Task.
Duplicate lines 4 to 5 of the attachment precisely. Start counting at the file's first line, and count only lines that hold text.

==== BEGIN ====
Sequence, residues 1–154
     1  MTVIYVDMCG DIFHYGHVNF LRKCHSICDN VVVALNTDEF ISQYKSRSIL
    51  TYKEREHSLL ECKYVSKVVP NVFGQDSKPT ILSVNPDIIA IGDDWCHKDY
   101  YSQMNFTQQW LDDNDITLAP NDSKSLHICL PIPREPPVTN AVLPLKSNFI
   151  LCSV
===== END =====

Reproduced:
   101  YSQMNFTQQW LDDNDITLAP NDSKSLHICL PIPREPPVTN AVLPLKSNFI
   151  LCSV